It’s a different game
Well, Major League Baseball is underway but it certainly is different. Every team is trying its best to keep players healthy but despite their best efforts, some players have tested positive for COVID-19. The stadiums are empty except for essential personnel.
Even the commentators are off-site looking at a bank of television monitors in order to call the plays of the game.
Some teams are using cardboard cutouts of spectators. To me they are just distracting, but oh well, if they like it so be it. To me the cardboard cutout look silly. It has to be difficult to play without an audience. The audience provides the emotion necessary in the game. Cheering helps the players do their best.
We have been watching some of the games. I think we see better than the ones calling the game. The players not involved in the game are going to have to be careful because the referees can hear everything. They can everything that comes out of the dugout as well as what comes from the stands from the players not involved in the game.
Many new things are coming out of the shortened season. With only 60 games to be played every game is important. For the first time yesterday, we saw the new rule about extra innings play out. A batter starts out on second base. That is supposed to move the game along. It took two extra innings in the game we were watching for a victor to emerge.
It really is different to watch. We also watched a hockey game one night. That was different as well. Spectators really add a lot to the game. We never gave that much thought in the past.
While I was thinking of baseball, I went on-line to check on the origin of the game. We have been taught that baseball is an American game — you know like baseball and apple pie. Well, it turns out there is quite a dispute about the origin of baseball. As close as I can figure it has roots in the United Kingdom. I read several articles and they all had differing opinions.
One article said that by the end of the 18th century a game similar to American baseball appeared in England. Base ball was one of the names given to the game. The Colonists brought the game to the United States.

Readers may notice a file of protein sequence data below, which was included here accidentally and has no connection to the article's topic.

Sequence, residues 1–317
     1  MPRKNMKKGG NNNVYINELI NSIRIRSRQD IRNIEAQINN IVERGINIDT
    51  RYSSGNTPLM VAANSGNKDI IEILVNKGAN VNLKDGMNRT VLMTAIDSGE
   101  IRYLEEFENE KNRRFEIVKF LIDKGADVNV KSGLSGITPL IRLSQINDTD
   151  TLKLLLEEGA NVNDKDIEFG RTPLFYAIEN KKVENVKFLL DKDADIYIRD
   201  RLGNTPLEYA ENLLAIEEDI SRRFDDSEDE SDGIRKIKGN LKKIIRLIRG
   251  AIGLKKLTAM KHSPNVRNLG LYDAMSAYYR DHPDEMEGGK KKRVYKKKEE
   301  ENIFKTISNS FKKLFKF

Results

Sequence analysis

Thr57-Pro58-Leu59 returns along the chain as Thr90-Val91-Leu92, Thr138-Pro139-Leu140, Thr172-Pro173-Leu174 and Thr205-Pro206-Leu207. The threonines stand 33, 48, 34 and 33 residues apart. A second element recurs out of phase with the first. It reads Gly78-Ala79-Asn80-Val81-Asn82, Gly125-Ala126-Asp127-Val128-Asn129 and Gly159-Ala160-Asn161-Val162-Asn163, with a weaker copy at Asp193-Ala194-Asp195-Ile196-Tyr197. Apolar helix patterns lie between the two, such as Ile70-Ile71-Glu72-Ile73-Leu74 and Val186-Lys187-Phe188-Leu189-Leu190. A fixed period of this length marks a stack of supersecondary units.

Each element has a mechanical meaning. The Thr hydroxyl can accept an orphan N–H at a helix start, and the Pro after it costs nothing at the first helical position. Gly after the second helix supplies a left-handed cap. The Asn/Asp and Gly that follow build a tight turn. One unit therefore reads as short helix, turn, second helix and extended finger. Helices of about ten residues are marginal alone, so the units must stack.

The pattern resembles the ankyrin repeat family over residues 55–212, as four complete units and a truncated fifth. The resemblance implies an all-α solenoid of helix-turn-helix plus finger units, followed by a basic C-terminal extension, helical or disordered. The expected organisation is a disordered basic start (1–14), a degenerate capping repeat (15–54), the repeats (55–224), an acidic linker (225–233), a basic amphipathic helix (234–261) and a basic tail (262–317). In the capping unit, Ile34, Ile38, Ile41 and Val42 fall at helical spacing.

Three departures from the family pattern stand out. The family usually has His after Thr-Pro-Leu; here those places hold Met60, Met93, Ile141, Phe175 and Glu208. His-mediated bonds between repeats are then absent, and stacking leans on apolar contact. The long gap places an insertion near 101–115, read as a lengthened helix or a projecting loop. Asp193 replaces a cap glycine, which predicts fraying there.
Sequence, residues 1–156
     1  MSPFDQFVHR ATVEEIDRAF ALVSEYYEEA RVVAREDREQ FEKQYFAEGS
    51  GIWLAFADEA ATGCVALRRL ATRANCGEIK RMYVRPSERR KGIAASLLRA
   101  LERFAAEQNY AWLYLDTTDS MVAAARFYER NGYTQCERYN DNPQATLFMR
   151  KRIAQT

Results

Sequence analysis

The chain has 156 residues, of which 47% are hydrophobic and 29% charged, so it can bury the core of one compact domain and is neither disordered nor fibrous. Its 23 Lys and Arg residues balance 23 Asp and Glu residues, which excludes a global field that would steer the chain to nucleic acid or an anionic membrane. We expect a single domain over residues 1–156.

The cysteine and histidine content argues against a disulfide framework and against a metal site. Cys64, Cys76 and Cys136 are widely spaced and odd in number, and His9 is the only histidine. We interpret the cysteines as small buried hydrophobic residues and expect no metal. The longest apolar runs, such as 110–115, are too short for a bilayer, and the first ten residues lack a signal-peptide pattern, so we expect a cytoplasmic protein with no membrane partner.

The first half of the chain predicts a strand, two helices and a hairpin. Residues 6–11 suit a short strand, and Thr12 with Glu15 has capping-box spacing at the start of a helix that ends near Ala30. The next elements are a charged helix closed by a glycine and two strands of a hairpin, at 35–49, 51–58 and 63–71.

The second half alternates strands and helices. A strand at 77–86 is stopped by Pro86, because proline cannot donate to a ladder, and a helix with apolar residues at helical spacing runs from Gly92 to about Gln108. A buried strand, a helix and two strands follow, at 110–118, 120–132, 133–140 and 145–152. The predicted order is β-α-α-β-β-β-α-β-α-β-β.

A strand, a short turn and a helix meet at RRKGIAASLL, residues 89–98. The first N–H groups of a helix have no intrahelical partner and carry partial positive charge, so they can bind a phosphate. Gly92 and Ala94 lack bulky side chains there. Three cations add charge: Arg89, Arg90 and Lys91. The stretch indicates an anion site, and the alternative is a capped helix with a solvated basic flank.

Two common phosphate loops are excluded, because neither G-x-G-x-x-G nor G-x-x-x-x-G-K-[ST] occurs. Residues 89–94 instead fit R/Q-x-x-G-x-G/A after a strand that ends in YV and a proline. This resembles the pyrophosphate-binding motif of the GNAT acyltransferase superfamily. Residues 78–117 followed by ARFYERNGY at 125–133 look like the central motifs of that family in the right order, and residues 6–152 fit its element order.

Early folk games were played by the working class. There were no standard documented rules, but the rules came from being handed down through the generations. The first publication of rules appeared in “The Boy’s Own Book.” This base-running game was played on a diamond.
Americans consider baseball to be an American sport not descended from a British game. Who is right? We probably will never know.
What we do know is that by the late 1700s a version of the game was being played in Massachusetts. There was even a law stating that all games with balls involved had to be outside of 80 yards of the town hall to prevent damage to the windows.
The first official recorded game of baseball was played in New York between the New York Baseball Club and the Knickerbocker Ball Club. Many uniquely American elements were present.
From the History Channel — Alexander Joy Cartwright is credited with a new set of rules that would form the basis for modern baseball calling for a diamond-shaped infield, foul lines, and the three-strike rule. It is said he abolished the dangerous practice of throwing the ball at a runner to put them out.
I did find out that baseball is related to the games of Cricket and Rounders. Terminology such as “outs”, “inning”, “runs”, and “umpires” comes from Cricket. From Rounders we get the idea of hitting a pitched ball and then running the bases counter-clockwise. That is also where the team consisting of nine players comes from.
One thing I know for sure is that baseball has a direct link to Akeley, Pa. There is a bat mill that makes billets that eventually become bats for the Louisville Sluggers located there. Years ago, I had a tour of the facility and did a feature piece on what was going on. At that time the factory was know as Larimer and Norton. Both of the original owners lived in this area. The yard is always filled with logs that will become the billets.
On my first trip to this area I spotted the thing that looked like a silo. I rode up past it to get a better look. It was not a silo, per se, but it did have smoke coming from it. It was not a silo on a farm that was for sure. I was looking for the farm owned by my future husband’s family. In the end I had to wait until he picked me up some time later to take me to the farm.
Ann Swanson writes from her home in Russell, Pa. Contact at firstname.lastname@example.org.